7 pilgrimages you can go on right now

Not all successful pilgrimages involve journeying far away.
Our Faith

This is part of a series of two essays on how to make a successful pilgrimage. You can read the other part, on eight practices of a good pilgrimage, here.

There are many ways to practice pilgrimage. You can journey far away to a sacred site, but there are also options within reach of a walk or drive from home, or even within your own imagination. Keep in mind these three essential aspects to create your own pilgrimage experience:

  1. Begin with an intention and prayer or blessing for this time.
  2. Stay open to the ways God might break in through the unexpected.
  3. When you return, spend time in reflection on how this experience has touched you. What new discoveries or invitations did you hear?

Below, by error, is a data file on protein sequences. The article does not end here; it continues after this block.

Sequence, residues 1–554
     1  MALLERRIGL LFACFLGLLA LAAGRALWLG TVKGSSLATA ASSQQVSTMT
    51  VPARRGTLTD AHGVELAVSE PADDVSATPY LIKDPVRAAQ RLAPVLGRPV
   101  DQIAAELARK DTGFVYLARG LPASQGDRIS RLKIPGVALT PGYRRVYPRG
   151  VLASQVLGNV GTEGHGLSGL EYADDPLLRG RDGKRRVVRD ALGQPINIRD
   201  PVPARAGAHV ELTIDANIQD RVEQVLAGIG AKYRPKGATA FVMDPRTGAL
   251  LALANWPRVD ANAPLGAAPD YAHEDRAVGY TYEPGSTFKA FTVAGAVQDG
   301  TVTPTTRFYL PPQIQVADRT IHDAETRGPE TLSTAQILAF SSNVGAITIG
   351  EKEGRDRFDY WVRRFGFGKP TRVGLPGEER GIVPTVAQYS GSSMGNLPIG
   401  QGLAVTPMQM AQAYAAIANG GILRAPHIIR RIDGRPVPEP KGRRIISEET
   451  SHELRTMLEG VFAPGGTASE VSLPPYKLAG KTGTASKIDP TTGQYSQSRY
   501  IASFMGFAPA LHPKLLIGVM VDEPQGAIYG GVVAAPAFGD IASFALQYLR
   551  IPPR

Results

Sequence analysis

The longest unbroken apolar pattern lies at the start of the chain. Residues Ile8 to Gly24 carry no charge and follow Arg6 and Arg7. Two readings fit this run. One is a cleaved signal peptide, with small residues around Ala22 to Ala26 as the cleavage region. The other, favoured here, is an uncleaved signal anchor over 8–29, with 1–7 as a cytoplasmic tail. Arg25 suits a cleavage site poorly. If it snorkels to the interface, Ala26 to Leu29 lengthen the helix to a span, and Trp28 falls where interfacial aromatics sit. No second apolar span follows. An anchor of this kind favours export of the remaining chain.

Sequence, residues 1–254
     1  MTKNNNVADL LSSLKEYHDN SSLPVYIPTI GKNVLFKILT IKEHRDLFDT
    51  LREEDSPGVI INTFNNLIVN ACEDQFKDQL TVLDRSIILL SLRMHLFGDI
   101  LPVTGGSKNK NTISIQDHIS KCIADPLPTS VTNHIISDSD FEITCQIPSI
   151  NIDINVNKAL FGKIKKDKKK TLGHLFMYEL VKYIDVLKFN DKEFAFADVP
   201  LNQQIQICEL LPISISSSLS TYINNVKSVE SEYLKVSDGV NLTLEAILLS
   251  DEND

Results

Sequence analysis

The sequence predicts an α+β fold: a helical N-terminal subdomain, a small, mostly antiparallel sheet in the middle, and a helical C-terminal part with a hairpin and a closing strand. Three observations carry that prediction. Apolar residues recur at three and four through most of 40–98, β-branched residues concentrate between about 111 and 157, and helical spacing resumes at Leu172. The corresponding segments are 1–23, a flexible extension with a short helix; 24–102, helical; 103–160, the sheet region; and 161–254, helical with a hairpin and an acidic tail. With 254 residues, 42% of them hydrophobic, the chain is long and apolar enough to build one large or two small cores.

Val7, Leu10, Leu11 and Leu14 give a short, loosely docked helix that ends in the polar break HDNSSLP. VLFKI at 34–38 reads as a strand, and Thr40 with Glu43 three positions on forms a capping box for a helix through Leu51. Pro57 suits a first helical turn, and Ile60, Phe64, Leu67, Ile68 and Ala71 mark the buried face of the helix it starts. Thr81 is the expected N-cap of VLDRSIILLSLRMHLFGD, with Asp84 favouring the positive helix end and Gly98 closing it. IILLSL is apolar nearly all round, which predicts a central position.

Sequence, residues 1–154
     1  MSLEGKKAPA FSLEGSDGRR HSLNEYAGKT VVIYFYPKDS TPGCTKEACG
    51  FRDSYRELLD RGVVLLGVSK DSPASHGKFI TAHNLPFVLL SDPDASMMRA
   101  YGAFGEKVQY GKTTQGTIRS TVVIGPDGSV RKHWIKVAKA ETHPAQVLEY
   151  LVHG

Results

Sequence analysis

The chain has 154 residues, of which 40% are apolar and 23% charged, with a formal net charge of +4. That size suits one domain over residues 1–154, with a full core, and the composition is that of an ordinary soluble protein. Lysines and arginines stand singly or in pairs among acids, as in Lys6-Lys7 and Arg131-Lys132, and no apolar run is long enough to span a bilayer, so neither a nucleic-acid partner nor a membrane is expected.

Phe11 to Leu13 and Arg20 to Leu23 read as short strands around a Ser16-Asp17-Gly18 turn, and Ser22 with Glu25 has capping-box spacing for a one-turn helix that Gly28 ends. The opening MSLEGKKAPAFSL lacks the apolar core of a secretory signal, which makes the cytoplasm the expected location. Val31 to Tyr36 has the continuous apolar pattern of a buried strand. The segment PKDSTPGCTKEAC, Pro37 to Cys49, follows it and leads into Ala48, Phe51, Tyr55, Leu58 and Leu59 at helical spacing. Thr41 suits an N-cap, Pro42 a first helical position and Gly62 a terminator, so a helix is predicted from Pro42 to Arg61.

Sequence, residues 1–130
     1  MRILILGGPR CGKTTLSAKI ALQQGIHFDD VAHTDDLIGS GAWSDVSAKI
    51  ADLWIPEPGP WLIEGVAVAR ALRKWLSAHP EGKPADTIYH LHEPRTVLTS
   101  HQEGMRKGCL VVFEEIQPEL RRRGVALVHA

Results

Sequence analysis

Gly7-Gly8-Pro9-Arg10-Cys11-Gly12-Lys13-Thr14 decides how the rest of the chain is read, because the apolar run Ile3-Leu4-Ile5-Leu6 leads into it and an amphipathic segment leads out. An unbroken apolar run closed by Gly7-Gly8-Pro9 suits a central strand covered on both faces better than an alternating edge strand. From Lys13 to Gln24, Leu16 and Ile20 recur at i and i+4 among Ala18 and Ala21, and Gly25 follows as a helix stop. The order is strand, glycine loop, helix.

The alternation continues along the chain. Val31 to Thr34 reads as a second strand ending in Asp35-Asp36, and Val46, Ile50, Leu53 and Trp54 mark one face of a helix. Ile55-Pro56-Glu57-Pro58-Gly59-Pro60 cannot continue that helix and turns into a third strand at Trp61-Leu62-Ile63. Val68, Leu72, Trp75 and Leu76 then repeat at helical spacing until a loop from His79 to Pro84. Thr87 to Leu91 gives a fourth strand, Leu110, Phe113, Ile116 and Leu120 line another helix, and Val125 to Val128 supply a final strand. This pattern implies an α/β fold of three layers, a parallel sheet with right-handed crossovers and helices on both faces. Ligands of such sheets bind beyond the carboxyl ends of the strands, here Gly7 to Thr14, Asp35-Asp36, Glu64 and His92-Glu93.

Walking is a wonderful way to get out of our heads and into our bodies. If mobility issues prevent this, know that imagining yourself walking to each suggested site can have the same impact. God is present to us in whatever ways we are able to receive the sacred.

Make a local pilgrimage

Chances are you live near a church or perhaps even several churches. You could choose to make a pilgrimage to your local cathedral. Using the three essential aspects, make it a sacred experience by blessing the journey there, paying attention for divine whispers along the way, and then reflecting when you return home. You might look up the church calendar to see if there is an upcoming feast day that feels especially appropriate for your journey and let that shape your prayer.


In a more urban area, plan a walking pilgrimage from one church to another. Research the churches and map out a route. Look up the various saints they are dedicated to and write a note for each of them. Offer a prayer to each saint as you make each stop. Spend 15 minutes in silence at each of the churches. Listen for what is offered to you. Remember that what can feel like interruptions or disruptions to your plans may contain the sparks of an encounter with the divine.